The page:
There’s no arguing with the title of the latest album from Kathryn Roberts and Sean Lakeman.
Tomorrow Will Follow Today, hailed as their boldest musical statement to date, is the new recording from the husband-and-wife performers who were voted Best Duo in the BBC Radio 2 Folk Awards in 2013.
“But I suppose for us, the song has picked up a couple of different meanings along the way,” Kathryn says. “Firstly, I suppose, it’s that we have been doing this now for so long. Sean and I have worked on the folk scene for more than 20 years, so the title is almost like the idea that ‘Yes, we are still going to be around tomorrow. We are in it for the long haul!’ But the title actually came from reading old books of folk songs from around the time of the Industrial Revolution. I was reading these songs, and I was thinking that nothing much had changed. A lot of the issues and the complaints are the same as they would be now, things like poverty and children not eating enough, people being out of work, things like teachers being forced to strike. I was thinking ‘My god! It could be written about something right now!’ And that thought just turned it into a kind of protest song in a way.
“I am not just speaking about our government, but it seems that a lot of governments have got into the position where they are quite happy to keep pushing and pushing to see what they can get away with. And people won’t tear themselves away from Facebook. They will just let them get away with it. There is a lot of apathy. I don’t know about your part of the country, but you would just never know there was a general election so close where we are. Nothing is happening!”
The duo play Komedia, Brighton on Thursday, April 16 at 8pm (0845 2938480) on the back of the album.
“There are eight of our own compositions on there, and we have also got two traditional songs. Our own songs are quite varied subject-wise. We never set out to think of a theme for an album. That’s not how we work. We have got a song on there about wicked Russian mermaids, and we have got a song about a whale that is swimming around. We have got a song that dates back to Tudor times that was a bit too smutty. It was a little bit too ripe. I had to tone it down a bit. The best ones are the ones that are a nod and a wink and a raised eyebrow!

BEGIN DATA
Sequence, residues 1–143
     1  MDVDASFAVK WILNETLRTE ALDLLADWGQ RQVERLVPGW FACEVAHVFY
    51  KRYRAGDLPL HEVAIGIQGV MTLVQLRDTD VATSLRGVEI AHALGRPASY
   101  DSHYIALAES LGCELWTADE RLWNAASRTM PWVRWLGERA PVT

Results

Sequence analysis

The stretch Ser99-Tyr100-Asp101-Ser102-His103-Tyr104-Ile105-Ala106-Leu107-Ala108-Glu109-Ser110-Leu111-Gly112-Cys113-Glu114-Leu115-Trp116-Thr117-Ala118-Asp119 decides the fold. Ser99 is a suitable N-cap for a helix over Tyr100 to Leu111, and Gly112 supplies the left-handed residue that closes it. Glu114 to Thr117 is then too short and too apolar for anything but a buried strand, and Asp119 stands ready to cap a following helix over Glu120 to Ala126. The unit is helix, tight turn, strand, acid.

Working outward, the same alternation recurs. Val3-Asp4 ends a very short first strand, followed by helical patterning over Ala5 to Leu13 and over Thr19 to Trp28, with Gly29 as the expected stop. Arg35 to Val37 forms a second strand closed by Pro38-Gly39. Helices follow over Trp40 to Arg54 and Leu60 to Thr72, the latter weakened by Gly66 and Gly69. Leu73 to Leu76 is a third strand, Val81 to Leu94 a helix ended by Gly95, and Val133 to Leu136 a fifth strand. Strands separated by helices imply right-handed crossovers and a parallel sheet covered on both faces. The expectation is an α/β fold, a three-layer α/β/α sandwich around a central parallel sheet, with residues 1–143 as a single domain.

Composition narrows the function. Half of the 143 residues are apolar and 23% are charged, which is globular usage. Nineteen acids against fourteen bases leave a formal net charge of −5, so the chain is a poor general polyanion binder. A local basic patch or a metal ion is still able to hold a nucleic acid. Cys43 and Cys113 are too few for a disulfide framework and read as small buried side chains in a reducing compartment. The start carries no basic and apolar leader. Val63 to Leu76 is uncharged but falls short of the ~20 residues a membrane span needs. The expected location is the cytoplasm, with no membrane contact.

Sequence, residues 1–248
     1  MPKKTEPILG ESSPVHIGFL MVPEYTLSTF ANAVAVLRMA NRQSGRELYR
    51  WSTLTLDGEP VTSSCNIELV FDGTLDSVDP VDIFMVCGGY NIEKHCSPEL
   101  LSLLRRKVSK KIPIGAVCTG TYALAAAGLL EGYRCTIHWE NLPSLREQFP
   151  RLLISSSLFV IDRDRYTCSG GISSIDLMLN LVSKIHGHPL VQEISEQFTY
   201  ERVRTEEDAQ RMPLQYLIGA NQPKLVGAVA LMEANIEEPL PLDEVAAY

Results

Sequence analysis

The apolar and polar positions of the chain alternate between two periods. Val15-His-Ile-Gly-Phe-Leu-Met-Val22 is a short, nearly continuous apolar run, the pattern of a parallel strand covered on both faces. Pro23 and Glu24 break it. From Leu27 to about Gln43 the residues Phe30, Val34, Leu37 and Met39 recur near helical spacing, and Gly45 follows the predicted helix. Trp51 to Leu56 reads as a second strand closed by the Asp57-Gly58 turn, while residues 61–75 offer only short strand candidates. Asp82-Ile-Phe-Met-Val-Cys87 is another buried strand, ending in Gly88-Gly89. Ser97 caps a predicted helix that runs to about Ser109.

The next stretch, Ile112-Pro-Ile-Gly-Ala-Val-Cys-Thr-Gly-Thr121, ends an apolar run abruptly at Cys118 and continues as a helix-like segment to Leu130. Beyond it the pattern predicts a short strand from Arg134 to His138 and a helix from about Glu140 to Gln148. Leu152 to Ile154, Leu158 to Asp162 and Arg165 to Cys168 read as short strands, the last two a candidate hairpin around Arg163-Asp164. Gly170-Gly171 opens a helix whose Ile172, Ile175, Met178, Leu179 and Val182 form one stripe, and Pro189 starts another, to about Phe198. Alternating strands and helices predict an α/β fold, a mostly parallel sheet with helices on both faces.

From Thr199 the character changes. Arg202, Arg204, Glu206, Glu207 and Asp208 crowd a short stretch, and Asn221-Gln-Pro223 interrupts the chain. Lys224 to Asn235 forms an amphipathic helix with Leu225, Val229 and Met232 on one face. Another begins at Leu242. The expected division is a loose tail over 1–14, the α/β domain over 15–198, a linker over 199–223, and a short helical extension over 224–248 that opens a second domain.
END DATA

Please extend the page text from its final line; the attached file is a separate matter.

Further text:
“It wasn’t a case of having to have traditional songs on there. The songs are part of our live set. That always works out well. We just do the songs we have been playing when it comes to recording. This time we have had the luxury of road-testing a lot of the songs just to really gauge what people like the best. One of our main things with a song, whether it is traditional or self-penned, is that it tells a story. If you can take the story out of the song context and write it down and it works as a story, that’s the kind of thing we like.”
Another song is effectively advice to their seven-year-old daughters, A Song To Live By. “We are really lucky. They go to a lovely village school, but sometimes one of them might come home a little bit unhappy because they didn’t get to give out the fruit or because someone jumped in front of them at lunchtime. It’s a song about the kinds of thing I would like to say...”